Section: Asia and Far East
More than a year after the beginning of the protests against the extradition law in Hong Kong - waned during the Coronavirus pandemic -, the Chinese central government once again shocked the international community and the pro-democratic citizens of Hong Kong by passing a new security law that further undermines the autonomy of the Special Administrative Region.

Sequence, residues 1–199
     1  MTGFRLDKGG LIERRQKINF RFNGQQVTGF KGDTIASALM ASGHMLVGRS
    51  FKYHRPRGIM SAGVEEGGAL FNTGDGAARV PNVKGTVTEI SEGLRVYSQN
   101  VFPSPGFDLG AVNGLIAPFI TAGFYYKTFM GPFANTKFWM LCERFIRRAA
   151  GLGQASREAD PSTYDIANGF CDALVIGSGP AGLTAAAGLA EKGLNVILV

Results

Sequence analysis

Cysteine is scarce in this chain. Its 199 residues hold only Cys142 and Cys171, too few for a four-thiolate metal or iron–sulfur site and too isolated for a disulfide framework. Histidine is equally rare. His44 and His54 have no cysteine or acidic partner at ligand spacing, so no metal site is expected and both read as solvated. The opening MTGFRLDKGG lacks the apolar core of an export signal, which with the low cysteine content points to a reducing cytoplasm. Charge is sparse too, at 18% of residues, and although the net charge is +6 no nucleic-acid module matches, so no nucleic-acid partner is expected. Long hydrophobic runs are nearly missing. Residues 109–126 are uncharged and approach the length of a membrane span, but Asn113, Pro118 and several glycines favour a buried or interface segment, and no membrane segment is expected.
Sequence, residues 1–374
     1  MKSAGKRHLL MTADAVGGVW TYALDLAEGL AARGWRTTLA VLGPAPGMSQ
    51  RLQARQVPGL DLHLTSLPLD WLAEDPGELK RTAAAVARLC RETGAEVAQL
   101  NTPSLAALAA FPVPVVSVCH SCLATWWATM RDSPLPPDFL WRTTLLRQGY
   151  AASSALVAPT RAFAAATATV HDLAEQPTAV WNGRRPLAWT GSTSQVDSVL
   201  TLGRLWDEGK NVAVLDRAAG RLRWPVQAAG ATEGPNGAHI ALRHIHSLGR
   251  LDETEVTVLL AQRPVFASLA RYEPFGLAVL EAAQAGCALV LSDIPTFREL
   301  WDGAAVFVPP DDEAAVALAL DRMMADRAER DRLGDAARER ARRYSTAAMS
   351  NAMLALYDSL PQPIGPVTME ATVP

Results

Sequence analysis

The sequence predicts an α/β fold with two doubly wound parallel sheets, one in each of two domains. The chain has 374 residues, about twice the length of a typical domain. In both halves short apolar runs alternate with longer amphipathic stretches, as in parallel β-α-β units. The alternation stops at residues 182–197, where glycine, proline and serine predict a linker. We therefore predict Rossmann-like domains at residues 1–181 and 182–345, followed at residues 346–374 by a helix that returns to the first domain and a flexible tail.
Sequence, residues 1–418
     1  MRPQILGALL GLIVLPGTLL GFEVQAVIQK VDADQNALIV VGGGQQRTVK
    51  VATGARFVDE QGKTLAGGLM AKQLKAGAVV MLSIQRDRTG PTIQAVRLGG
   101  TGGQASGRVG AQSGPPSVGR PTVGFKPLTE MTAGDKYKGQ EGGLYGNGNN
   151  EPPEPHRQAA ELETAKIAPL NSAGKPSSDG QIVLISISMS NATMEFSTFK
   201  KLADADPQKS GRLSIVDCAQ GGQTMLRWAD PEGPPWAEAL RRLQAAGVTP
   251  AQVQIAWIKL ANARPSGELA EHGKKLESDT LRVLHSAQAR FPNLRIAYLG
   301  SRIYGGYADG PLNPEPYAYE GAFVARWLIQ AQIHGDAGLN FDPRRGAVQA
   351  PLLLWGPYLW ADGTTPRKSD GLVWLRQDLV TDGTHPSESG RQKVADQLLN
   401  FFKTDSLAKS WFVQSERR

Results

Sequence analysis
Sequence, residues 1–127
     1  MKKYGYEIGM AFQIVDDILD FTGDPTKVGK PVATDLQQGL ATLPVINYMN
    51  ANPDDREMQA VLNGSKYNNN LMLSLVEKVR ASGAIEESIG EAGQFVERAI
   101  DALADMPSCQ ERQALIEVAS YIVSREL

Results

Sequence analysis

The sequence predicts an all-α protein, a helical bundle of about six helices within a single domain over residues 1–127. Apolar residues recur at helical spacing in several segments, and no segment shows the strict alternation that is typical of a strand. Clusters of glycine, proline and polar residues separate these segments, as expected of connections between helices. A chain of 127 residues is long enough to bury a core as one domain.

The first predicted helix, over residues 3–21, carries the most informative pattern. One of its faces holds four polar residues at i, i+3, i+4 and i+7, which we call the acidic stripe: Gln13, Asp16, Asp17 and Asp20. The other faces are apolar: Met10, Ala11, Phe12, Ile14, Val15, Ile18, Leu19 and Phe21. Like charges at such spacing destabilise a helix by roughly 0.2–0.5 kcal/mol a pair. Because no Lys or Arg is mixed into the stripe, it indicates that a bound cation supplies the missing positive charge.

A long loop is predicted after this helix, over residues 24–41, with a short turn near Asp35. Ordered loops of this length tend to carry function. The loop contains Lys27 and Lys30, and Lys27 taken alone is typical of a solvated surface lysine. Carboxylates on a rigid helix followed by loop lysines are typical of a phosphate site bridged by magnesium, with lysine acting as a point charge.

Hong Kong was a British colony until 1997, when it retuned under the control of the Chinese Popular Republic. Since then, it operated under the formula 'one country, two systems', which consists in recognising a single Chinese sovereignty but assuring to the former British colony civil liberties and 'independent' legislative and judicial powers. However, in recent years the Communist Party of China (CPC) has had an increasing influence on Hong Kong's political system. This was also made possible thanks to the fact that the Basic Law, the mini-constitution regulating the relations between Beijing and Hong Kong, presents several ambiguities. Article 5 is the main subject of debate, as it states that 'the previous capitalist system and lifestyle will remain unaffected for 50 years', without proposing any solution on what will happen in 2047, upon expiry of the article's validity. Moreover, although Article 68 declares that 'the ultimate goal is the election of all members of the Legislative Assembly through universal suffrage', there does not seem to have been any progress on how to fulfil this promise. At the moment, only half of the Legislative Council is directly elected by the citizens: the rest is chosen by entrepreneurial élites who tend to be in favour of Beijing. Consequently, it is very hard to implement pro-democratic changes opposing the will of the CPC. That is why, according to Lee Cheuk-yan, former member of the Legislative Council of Hong Kong, the most effective way to resist the interferences from Beijing is through protest movements.